How to avoid another Tianjin disaster?

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The massive explosions at a chemical warehouse in Tianjin, China, on 12 August, which have reportedly killed 139 people, with 34 persons still missing, over 700 injured, 6,000 displaced and the homes of another 17,000 damaged, are a deeply tragic reminder of the permanent need to reinforce safety at industrial sites containing hazardous materials.  

This accident involved chemicals that can be deadly, but which are also of great industrial importance and are therefore stored and carried in large quantities throughout the world. In order to ensure that such chemicals are handled safely, the international community created the United Nations Committee of Experts on the Transport of Dangerous Goods and on the Globally Harmonized System of Classification and Labelling of Chemicals (GHS), serviced by UNECE, to elaborate international recommendations.

The first step to ensure safety is obviously to identify the level of toxicity of chemicals. This is done by applying the GHS classification and its hazard communication system that provides users, workers and emergency responders with all the relevant information concerning the product itself, its hazards, the packaging and containers to be used for safe transport and storage, precautions to be taken and first aid. For transport, the United Nations have also assigned a specific “UN number” to all dangerous goods most commonly carried and to generic groups of chemicals presenting the same hazards. This “UN number”, marked on packaging, containers, transport equipment and transport documentation is key to immediate emergency response in case of accidents.

The prevention of accidents at industrial sites producing or storing hazardous material also requires that information about these hazardous activities is shared with land-use planners, so that safety distances are fully respected. Accurate information must also be readily available to the public and to rescue teams, so that they can take the appropriate safety measures immediately.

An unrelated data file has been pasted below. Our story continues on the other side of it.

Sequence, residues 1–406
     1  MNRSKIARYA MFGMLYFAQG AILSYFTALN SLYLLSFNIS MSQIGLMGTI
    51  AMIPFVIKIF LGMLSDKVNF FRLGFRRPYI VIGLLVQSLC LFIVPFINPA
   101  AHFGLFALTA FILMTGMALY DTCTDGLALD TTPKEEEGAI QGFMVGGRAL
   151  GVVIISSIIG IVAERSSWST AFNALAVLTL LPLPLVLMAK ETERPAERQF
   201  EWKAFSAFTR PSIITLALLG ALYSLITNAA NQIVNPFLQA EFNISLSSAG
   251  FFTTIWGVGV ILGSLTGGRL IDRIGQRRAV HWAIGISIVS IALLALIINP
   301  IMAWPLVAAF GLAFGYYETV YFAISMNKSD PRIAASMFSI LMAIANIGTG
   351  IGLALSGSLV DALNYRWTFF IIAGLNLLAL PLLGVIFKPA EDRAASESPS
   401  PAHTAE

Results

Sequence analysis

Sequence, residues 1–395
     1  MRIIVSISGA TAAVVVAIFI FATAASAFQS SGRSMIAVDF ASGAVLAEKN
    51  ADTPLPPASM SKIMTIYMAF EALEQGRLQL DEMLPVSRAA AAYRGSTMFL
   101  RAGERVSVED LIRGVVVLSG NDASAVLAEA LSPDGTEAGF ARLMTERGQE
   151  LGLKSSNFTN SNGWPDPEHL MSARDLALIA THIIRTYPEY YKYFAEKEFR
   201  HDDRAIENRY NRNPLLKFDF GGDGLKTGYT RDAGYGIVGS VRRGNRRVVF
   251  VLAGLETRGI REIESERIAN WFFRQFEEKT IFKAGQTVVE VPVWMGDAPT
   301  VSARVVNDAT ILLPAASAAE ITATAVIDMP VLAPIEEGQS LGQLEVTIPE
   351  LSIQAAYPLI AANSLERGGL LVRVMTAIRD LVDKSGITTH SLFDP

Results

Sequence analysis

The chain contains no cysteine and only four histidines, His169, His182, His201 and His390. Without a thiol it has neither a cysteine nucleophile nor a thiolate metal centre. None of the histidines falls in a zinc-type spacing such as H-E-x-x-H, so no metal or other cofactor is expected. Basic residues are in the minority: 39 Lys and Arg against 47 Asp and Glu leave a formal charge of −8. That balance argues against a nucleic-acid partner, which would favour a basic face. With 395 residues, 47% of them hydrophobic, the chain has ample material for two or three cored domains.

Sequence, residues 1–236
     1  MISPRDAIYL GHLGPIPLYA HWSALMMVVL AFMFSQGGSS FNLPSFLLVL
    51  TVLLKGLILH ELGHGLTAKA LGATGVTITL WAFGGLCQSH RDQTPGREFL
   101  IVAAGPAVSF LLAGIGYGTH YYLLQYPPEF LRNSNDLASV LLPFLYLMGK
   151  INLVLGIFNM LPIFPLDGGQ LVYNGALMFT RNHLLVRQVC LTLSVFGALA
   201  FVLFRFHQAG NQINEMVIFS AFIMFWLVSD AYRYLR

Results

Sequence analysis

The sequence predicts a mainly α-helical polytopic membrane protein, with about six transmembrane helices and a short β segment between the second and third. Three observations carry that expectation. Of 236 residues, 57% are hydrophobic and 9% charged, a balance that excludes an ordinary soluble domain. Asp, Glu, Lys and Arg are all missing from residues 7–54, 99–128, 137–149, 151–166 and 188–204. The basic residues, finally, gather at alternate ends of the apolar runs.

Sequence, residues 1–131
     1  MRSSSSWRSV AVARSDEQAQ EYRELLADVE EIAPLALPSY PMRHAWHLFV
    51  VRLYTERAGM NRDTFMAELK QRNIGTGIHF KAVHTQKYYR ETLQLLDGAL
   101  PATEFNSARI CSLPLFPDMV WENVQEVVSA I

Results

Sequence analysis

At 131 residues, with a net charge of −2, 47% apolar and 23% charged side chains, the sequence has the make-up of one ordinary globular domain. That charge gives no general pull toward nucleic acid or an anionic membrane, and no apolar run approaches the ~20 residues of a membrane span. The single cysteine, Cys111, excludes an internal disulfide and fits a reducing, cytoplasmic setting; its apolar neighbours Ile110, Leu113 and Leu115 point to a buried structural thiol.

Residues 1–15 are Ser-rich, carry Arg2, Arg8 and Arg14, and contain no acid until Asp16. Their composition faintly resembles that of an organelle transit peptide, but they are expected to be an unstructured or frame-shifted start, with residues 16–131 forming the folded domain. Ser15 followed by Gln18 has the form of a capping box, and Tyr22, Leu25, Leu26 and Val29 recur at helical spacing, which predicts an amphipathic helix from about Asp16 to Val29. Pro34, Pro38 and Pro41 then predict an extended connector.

In Europe, the UNECE Industrial Accidents Convention, which today counts 41 Parties, helps prevent such disasters. Parties are obliged to get operators to reduce risks and demonstrate the safe performance of hazardous activities, carrying out regular inspections and issuing licences or bans. Simulations, like the one organized with the Republic of Moldova, Romania and Ukraine in the Danube Delta region over three days earlier this month, help test and adjust response procedures.

In addition, the Protocol on Pollutant Release and Transfer Registers to the Aarhus Conventionobliges countries to make information on releases of pollutants to air, land or water, or the transport of chemicals or waste, available to the public on the Internet. Citizens can thus check in an easy way what substances are emitted in areas where they live and work.

Reducing the number of deaths and illnesses from hazardous chemicals and strengthening the capacity of all countries for risk reduction will be important targets within the Sustainable Development Goals (SDGs) to be adopted in New York later this month. This will require further efforts and investments in safety.  

We stand ready to share the experience gathered by our networks of experts to help countries in their practical implementation of these international commitments. Transparency and prevention will be key to achieve these ambitious goals. Prevention hardly makes news headlines, but it saves lives and avoids costly destructions. So, while it might not make the front page, prevention

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